Isle Royale

Isle Royale National Park is one of many in Michigan. Encompassing over 200 sq. miles, it is by far the largest island in Lake Superior. At 56 miles off the Keweenaw peninsula, it is also the most remote. It is this remoteness that makes the island such a destination for casual day trippers and more experienced backpackers alike. It has many different aspects that cater to many different tastes. It may be popular, but before deciding to make the journey, there are some things you may want to know.

Isle Royale has all the things you expect to see at a national park. It is incredibly scenic; the island is nothing but rocky hills and boreal forests. A few ridges of greenstone are exposed and visible from most parts of the island. There are countless bays and inlets around the coast to explore. As far as wildlife goes, it has one of the highest concentrations of moose in the States. While they are usually reclusive, just the sheer volume makes it likely you will see one or two during your stay. The island has no permanent residents, but its beauty has attracted many artists to rent out some of the more reclusive cabins. Many have wrote about their experiences and I think it helps some up the island quite nicely. Judith Corning, an American artist, had this to say:

“Acquiring reference material during the trip was incredibly easy. Isle Royale is a beautiful national park of considerable variety; everywhere you look you can find something lovely and/or interesting. I suppose one of our major problems was to be sure to ration our film so it would last our whole trip. That’s certainly a great problem to have!”

Loading the ferry in Copper Harbor and getting ready for the 4-hour ride to Isle Royale

While the remoteness can be intimidating for some people, others may find it one of its best qualities. It’s a 4-hour ferry ride from Copper Harbor on the mainland to Rock Harbor; the only accessible harbor from our side. While the ferry is well stocked and large enough, Lake Superior is rarely calm and that can be a deterrent for some. Once arriving on the island you encounter one of its best features, the village. It is just a small grouping of the few remaining buildings from when there was a settlement 100 or so years ago. Most are just staff housing and rentable apartments, but it also boasts a surprisingly good restaurant that offers seasonal dishes and fish caught right off the coast. It also has a relatively well stocked camp store containing most of the basic things every other one would, what sets this one apart is the impressive selection of beer including many brewed right in Keweenaw. Most of the buildings are available to the public. On rainy days, the lounge is often packed with would be hikers who crowd around the fire and share stories and play games.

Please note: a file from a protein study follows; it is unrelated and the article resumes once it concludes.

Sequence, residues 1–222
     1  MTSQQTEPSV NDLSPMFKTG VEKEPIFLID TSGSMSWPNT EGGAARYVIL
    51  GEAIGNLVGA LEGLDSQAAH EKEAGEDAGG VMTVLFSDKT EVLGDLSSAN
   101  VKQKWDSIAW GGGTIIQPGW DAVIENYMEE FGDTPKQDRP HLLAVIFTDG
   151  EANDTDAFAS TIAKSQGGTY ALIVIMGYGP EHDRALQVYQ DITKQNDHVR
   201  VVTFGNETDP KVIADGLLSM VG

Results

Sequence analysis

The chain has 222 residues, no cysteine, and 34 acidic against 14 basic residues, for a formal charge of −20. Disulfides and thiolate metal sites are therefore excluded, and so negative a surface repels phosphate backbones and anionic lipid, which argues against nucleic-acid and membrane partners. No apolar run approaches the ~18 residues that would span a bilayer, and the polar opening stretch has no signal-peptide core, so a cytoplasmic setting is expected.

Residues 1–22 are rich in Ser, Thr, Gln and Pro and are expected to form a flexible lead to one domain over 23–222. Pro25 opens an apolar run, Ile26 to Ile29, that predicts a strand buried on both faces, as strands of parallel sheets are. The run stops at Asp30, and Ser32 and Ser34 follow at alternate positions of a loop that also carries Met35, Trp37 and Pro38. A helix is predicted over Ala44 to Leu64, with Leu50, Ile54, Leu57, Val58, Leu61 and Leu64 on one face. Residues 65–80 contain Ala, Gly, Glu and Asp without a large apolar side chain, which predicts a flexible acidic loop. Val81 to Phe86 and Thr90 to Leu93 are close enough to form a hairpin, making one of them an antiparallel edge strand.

While it definitely has greater appeal to those who favor the more rustic approach to camping, it does offer fully furnished cabins with running water and electricity. It was actually a little surprising just how comfortable they were. Many are placed right along the ridge with a beautiful view of Tobin Harbor. The other side of the harbor is also one of the best places to spot a moose or two on this side of the island. Even casual campers will find some easy trails and things to explore without having to spend an entire day of walking. Kayaks can be rented at a dock on Tobin Harbor, less than a mile from the cabins. Some of the more heavily used trails are paved or at least well kept, and honestly the village is nice enough that you could spend most of the day just lounging around or eating at the diner and be completely content.